Mozzarella is one of the world’s most popular cheeses. It comes from the Italian word “mozzare,” which means “to cut off” – a reference to the method used to make this cheese, where the curds are literally cut off from the main block of Cheddar cheese. Mozzarella is mostly water and has a low fat content. It has a mild flavor, and can be used in a wide variety of dishes.

What are the health benefits of mozzarella?

Some of the nutrients found in mozzarella include:

Protein: Cheese is high in protein, which builds and repairs body tissue and helps maintain muscle mass. Protein also helps prevent overeating by curbing your appetite, making you feel full.

Calcium: This mineral is essential for building and maintaining healthy bones and teeth. Calcium also helps prevent high blood pressure, hypertension, and osteoporosis.

Moisture: Cheese is over 70% water, which is essential for keeping skin, hair, and nails healthy. Water also helps eliminate toxins from the body and helps regulate body temperature.

How is mozzarella produced?

The process of making mozzarella starts with pasteurizing milk and adding rennet, an enzyme that comes from the stomach of calves. The milk is then coagulated into curds, which are squeezed and stretched to release moisture. The mixture is then cut up and warmed again so that it can be molded into the familiar ball shape. Mozzarella is often smoked or charred to give it a tasty flavor.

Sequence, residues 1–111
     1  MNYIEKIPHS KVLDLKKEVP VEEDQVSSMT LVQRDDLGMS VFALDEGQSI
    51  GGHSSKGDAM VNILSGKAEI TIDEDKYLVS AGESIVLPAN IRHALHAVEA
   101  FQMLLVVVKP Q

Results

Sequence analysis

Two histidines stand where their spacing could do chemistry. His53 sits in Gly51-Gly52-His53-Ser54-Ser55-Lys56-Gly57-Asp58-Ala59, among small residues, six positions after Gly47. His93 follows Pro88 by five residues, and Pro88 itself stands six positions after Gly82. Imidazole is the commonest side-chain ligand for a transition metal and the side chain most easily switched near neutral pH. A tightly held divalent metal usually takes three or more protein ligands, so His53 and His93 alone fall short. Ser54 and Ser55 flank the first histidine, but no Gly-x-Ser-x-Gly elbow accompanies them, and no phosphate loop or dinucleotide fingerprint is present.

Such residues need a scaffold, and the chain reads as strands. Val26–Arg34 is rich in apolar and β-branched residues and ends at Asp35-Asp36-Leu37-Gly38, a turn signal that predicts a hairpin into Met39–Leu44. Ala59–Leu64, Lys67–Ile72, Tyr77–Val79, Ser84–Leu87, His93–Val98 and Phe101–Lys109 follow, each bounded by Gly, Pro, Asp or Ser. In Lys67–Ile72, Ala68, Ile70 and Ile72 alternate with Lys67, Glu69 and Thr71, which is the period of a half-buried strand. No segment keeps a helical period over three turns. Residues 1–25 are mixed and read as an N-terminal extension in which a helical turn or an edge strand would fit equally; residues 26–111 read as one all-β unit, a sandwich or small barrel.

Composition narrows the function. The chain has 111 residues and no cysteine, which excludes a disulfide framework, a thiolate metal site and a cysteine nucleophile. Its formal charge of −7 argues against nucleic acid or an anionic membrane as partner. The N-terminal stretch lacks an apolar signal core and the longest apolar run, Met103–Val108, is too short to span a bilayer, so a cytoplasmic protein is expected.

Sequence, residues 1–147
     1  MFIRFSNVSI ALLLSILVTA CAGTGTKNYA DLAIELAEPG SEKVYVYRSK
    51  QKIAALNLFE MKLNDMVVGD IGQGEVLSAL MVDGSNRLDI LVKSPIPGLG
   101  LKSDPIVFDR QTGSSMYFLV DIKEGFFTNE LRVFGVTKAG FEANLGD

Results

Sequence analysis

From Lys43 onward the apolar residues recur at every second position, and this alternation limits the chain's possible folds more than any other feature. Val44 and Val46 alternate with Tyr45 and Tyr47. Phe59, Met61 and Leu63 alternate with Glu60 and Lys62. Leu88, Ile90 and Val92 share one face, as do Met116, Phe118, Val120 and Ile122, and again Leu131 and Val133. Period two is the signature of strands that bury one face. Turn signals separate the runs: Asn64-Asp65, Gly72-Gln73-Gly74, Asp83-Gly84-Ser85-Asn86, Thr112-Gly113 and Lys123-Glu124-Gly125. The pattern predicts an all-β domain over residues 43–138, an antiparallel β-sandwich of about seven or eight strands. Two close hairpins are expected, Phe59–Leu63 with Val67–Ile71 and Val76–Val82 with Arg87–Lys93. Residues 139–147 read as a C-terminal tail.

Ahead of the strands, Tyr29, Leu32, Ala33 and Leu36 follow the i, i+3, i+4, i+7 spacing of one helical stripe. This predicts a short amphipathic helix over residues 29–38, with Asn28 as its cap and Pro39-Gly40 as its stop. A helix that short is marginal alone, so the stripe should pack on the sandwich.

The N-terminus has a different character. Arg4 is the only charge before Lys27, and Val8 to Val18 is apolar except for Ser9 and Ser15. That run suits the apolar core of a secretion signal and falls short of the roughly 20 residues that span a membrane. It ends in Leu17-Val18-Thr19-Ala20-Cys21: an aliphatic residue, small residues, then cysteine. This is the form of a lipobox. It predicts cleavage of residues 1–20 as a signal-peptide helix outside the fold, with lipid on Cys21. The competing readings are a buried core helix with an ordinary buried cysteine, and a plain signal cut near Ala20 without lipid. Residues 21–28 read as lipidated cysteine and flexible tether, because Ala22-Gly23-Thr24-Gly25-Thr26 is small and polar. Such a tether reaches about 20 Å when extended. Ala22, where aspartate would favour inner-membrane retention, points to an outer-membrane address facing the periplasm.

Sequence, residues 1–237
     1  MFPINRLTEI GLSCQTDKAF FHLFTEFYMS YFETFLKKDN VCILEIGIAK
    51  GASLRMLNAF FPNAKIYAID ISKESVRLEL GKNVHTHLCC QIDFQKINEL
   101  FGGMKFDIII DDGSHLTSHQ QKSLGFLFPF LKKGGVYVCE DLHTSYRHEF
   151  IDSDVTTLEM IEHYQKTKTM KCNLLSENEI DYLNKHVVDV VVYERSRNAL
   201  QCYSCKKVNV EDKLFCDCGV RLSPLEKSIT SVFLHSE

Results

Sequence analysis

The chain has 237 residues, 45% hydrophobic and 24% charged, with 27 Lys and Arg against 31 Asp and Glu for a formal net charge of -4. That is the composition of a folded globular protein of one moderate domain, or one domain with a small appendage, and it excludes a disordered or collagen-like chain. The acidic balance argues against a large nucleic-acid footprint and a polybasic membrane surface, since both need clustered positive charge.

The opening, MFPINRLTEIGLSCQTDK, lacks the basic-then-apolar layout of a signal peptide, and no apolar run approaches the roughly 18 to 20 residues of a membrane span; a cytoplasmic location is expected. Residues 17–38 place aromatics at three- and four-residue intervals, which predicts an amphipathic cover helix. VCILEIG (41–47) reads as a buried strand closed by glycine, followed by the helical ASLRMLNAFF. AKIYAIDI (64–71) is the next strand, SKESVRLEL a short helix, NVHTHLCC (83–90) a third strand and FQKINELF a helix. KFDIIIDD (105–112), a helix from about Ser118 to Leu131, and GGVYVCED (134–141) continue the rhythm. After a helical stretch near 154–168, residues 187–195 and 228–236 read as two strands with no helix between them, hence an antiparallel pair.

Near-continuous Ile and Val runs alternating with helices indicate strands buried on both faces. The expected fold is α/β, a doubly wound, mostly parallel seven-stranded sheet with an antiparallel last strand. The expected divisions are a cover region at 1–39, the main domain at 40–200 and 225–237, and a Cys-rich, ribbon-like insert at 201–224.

How is mozzarella different from other types of cheese?

Mozzarella is a type of pasta filata, which means “stretched paste.” The most famous kind of pasta filata is the stringy Italian cheese called provolone. Mozzarella is also similar to scamorza, an Italian cheese traditionally used in the making of pizza.

How to eat?

Mozzarella can be eaten on its own or used as a topping for pizza and other Italian dishes. It can be eaten on its own as a quick, high-protein snack.

Interesting facts